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West Nile Virus

West Nile virus (WNV) is a mosquito-borne disease was first discovered in 1937 in the blood of an infected individual in Uganda (Africa), In 1999, It was detected in New York City in 1999; since then the virus has spread across the continental United States and is well established in most states, including California. WNV was able to spread rapidly across the United States primarily because it often affects highly mobile, migrating birds.

How do people and animals get WNV?

Infected mosquitoes. Most often, WNV is spread by the bite of an infected mosquito. Mosquitoes are WNV carriers ("vectors") that become infected when they feed on infected birds. Infected mosquitoes can then spread WNV to humans and other animals when they bite. 

West Nile virus transmission cycle


Transfusions, transplants, and mother-to-child. During WNV transmission season, all donated blood is checked for WNV before being used. The risk of getting WNV through blood transfusions and organ transplants is very small, and should not prevent people from receiving units of blood for medical conditions or for other circumstances (American Red Cross). Transmission during pregnancy from mother-to-baby or transmission to an infant via breastfeeding is extremely rare.
Not through touching. WNV is not spread through casual contact, such as touching or kissing a person with the virus.

 What are the symptoms of WNV?

  • Approximately 80% of human cases of WNV do not show any symptoms.
  • Approximately 20% of people infected with WNV experience mild symptoms that may include fever, headache, body aches, nausea, rashes, swollen lymph nodes and vomiting. 
  • Less than 1% of people infected with WNV develop serious illness. These cases may last for extended periods of time, result in permanent neurological damage and may be fatal.
  • People typically develop symptoms from 3 to 14 days after they are bitten by an infected mosquito.

Can domestic pets get sick with WNV?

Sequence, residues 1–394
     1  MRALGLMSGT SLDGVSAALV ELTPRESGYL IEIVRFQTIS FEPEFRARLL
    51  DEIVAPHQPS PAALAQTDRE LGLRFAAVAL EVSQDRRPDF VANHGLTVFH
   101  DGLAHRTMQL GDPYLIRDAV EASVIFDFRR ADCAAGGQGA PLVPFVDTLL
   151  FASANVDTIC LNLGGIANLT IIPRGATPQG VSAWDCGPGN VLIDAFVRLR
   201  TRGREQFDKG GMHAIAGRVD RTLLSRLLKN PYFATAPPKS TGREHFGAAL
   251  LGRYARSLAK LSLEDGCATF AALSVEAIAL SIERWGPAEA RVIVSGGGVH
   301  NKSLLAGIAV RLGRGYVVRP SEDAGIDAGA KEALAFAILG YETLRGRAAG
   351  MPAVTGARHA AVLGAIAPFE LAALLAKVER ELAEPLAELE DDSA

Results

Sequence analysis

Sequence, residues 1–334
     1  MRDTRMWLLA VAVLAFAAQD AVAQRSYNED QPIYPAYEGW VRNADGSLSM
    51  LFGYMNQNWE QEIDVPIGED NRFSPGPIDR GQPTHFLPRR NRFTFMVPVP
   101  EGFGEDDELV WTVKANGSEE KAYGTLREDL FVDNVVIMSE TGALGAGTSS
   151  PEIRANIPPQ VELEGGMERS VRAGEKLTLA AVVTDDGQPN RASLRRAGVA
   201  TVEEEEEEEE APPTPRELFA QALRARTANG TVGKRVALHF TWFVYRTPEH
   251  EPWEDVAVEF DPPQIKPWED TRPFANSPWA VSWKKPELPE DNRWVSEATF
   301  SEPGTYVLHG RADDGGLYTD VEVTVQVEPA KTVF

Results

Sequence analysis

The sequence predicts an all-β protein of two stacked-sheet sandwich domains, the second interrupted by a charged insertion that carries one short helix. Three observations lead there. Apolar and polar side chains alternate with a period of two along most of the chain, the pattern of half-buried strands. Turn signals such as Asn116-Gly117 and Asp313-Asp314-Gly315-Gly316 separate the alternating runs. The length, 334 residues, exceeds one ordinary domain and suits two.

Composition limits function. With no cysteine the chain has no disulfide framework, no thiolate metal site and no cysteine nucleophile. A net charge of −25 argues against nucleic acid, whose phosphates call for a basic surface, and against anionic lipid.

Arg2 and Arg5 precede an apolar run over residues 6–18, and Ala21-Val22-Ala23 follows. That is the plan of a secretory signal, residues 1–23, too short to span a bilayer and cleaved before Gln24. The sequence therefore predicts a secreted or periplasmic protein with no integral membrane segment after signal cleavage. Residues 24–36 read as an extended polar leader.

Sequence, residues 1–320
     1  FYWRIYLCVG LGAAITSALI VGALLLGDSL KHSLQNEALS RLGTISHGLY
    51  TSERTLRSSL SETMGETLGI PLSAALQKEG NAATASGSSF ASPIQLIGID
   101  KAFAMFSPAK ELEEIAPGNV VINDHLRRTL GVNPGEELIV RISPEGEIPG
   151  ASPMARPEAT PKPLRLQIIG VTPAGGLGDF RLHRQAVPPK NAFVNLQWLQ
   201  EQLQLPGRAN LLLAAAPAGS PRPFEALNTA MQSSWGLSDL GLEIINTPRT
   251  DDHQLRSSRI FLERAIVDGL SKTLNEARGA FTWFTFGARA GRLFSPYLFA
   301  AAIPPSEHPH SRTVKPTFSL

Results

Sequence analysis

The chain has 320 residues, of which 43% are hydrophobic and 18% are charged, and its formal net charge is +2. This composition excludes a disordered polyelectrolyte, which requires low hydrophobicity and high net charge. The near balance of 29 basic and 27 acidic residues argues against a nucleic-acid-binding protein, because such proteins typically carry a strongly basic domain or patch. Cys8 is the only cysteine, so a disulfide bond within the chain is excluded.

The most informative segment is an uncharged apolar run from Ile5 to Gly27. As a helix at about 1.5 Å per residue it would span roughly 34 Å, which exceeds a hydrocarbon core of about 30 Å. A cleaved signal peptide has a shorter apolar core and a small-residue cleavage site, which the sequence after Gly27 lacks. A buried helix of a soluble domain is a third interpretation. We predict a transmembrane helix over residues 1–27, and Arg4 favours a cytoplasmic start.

Dogs and cats can be exposed to WNV in the same way as humans. However, these animals are very resistant to WNV and rarely become ill. Concerned pet owners should consult with a veterinarian. For more information on dogs, cats, and WNV, please visit the CDC website: http://www.vetmed.ucdavis.edu/ccah/health_information/west_nile.cfm

How are horses affected by WNV?

Horses can become ill from WNV through the bite of an infected mosquito. Clinical signs of WNV illness in horses may include stumbling, circling, hind leg weakness, inability to stand, drooping lips and lip smacking, hypersensitivity to touch or sound, muscle tremors, and death. The American Association of Equine Practitioners (AAEP) recommends incorporation of a WNV vaccine as an annual core vaccine in equine vaccination protocols. Horse-owners should consult with a veterinarian about the WNV vaccine and other vaccines against mosquito-borne viruses, such as western equine encephalitis. For more information on WNV and horses, please visit the California Department of Food and Agriculture website at http://www.cdfa.ca.gov/ahfss/Animal_Health/WNV_Info.html

Can other animals get sick from WNV?

An infected mosquito can bite any animal, but not all animals will become sick. The disease most often affects birds but may occasionally cause disease in other animals.
Wild birds serve as the main host of WNV for mosquitoes. When some species of birds become infected, they produce high quantities of the virus, which can then be passed on to other mosquitoes that bite them. The virus is maintained in this bird-mosquito cycle. WNV infection has been reported in more than 225 bird species. Not all birds that are infected with WNV will appear ill, but WNV infection can cause serious illness and death in some birds. Signs of WNV infection in birds may include lethargy, uncoordinated movement, and difficulty breathing. The most severe illness and rapid death is seen among corvid birds, which include crows, jays, ravens, and magpies.
Tree squirrels with WNV can develop neurological symptoms such as uncoordinated movement, paralysis, shaking, or circling and may die.

Useful links: 

American Academy of Microbiology: West Nile Virus FAQ

  • Detailed explanations of WNV activity in the United States

California West Nile Virus Website

  • Updated maps of WNV activity in California
  • Weekly arbovirus reports
  • Wide variety of additional resources related to WNV

CDC: West Nile Virus Page

  • Annual WNV activity maps (national and state)
  • Information available in several languages
  • Wide variety of additional resources related to WNV